Anderson’s manufacturing industry continued to grow in the 1950s as Duke Power Company came on line and construction began on the Hartwell Dam. The promise of a substantial power supply was just one of a number of attractions for would-be manufacturers, such as Bill and Elaine Epstein, who moved to Anderson in 1953 and opened a ladies apparel factory, Iva Manufacturing Company. The business became quite successful, expanding to include six plants and contracting to a number of companies. Bill developed a patent on a sewing device. Louis Funkenstein, who married Caroline Geisberg, moved to Anderson at the end of the war and opened a plant that manufactured paper boxes. The Kaplans encouraged him to go into the business and used his boxes to pack their shirts.
By the 1950s, B’Nai Israel’s Orthodoxy appears to have been a source of contention among members. Louis Funkenstein, among others, wanted the congregation to align its practices with the Conservative movement. Nathan Fleishman reportedly encouraged his fellow elders to defer to the younger generation regarding ritual preferences in order to keep them involved. The senior members followed his advice and the two groups compromised. Weekly services followed Conservative customs, while High Holy Days were observed according to Orthodox tradition. Men and women sat together and the Sunday school was well-attended.
The congregation’s flexibility helped keep the small group viable as the first generation of immigrants gave way to second and third generation Americans. In the 1950s, B’Nai Israel hired Rabbi Norman Goldberg, a retired Reform rabbi living in Augusta, Georgia, to provide services once a month and on High Holy Days. He served the congregation for many years, including presiding over marriages and funerals. Some couples were married in Greenville by Rabbi Maurice Mazure of the Reform Temple of Israel.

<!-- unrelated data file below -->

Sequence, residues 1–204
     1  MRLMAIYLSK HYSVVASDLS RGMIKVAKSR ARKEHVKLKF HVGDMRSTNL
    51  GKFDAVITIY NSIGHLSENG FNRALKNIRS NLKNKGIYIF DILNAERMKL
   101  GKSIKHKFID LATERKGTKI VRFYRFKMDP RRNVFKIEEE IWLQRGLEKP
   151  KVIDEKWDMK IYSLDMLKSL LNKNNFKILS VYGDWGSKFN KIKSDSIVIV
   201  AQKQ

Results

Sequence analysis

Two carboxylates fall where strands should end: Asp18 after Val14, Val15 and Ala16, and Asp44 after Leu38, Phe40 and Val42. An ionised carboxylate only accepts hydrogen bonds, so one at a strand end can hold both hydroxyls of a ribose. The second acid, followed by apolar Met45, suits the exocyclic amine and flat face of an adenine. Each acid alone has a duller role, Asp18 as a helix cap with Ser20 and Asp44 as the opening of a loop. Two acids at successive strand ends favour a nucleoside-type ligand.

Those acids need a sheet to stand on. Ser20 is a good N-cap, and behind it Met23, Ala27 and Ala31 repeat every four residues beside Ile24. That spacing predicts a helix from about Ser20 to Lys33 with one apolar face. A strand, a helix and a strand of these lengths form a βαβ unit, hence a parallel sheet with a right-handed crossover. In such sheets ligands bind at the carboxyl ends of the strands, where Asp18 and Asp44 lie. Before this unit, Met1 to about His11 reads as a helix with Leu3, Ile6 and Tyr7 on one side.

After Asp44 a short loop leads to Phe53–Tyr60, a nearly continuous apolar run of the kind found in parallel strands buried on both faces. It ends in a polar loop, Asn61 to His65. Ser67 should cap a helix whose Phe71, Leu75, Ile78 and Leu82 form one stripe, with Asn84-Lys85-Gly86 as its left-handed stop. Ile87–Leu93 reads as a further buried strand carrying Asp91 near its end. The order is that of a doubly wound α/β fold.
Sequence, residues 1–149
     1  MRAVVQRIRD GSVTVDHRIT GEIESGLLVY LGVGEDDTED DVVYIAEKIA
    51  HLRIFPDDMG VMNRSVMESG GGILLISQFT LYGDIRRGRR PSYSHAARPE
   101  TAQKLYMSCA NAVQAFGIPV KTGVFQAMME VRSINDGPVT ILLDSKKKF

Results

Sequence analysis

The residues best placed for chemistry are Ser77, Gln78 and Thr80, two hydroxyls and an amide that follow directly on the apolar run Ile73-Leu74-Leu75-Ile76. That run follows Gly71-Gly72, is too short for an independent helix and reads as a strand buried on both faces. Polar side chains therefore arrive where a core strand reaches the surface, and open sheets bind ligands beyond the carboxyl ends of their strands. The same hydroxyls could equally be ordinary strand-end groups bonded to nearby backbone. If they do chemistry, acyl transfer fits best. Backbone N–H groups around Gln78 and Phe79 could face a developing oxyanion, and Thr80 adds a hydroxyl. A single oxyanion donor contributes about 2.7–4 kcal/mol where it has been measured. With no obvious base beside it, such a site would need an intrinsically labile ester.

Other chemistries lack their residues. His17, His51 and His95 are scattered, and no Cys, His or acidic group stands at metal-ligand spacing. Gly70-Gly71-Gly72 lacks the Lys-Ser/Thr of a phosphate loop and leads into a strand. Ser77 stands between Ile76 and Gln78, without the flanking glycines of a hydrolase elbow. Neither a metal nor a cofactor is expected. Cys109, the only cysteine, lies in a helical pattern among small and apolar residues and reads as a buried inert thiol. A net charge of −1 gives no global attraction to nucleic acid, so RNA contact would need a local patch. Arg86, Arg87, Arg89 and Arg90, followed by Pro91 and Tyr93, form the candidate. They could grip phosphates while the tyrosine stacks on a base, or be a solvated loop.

Despite the absence of a resident rabbi, the congregation has maintained a steady membership of 25 to 30 families over the last half century. They meet in the same temple, adorned with twelve stained glass windows that depict significant events in Jewish history.
During the 1960s and ’70s, as baby-boomers reached maturity and moved away, the Sunday school experienced a gradual decline in attendance and, in the ‘80s, ceased to operate. Participation in Sabbath services also dwindled in the 1970s and ’80s. Perhaps to attract more members, B’Nai Israel joined the Reform movement, a move that appears to have led to a rebirth of the Sunday school in the late 1980s and a return to regular Sabbath services.
Sons and daughters of immigrant families who stayed in Anderson tended to operate their own businesses and take seriously their civic duties. Reuben Siegel, who had left the livestock business and gone into finance, was a charter member of the Anderson Sertoma Club, served as its president, and was influential in creating its Scholarship Awards Program. In appreciation of his years of service to the community, the Club established the Reuben Siegel Scholarship Award in 1983.
Inspired by the struggles of one of his brothers, Reuben devoted much of his time to improving the quality of life for people suffering with mental illness. He served as president and vice president of the Anderson County Mental Health Association, and helped to establish the Anderson-Oconee-Pickens Mental Health Center and the Patrick B. Harris Psychiatric Hospital. In 1986, Reuben was recognized by the Anderson mental health community for his leadership in fundraising and advocacy. A gymnasium at the Harris Hospital was named in his honor, marked by a dedication ceremony at which Rabbi Israel Gerber, one of B’Nai Israel’s visiting rabbis, offered the invocation.
After serving in the Navy during World War II, Alvin Fleishman returned to Anderson to join the family business and, in the 1960s, opened a second location. When his department store closed in 1984, he kept busy working in Fleishman’s Liquor Store and teaching business courses at Tri-County Technical College in neighboring Pendleton. In the 1990s, he established the Alvin Fleishman Scholarship at the college.
A number of Jewish-owned businesses continue to operate in Anderson and neighboring towns today. They include manufacturers, retailers and wholesalers, and a music company. Most Jews living in the area, however, work in professions such as education, medicine, and law.
in 1998 Temple B’Nai Israel’s official affiliation with the Reform movement was brief. The congregation did not maintain its relationship with the national organization and today its practices are not explicitly aligned with either Conservative or Reform traditions. In the 1990s, the Sunday school closed and the classrooms were converted into a second social hall. While the B’nai Brith chapter has not been active in decades, the sisterhood continues to function. Currently, 36 families—few with young children, however—belong to the congregation. They meet Friday evenings for Sabbath observance led by members. On the High Holy Days, the temple fills up for services conducted by Robert Kimmel and his son, Brian. While the congregation is small, membership losses are offset by newcomers, mostly retirees, and B’Nai Israel is optimistic about its future.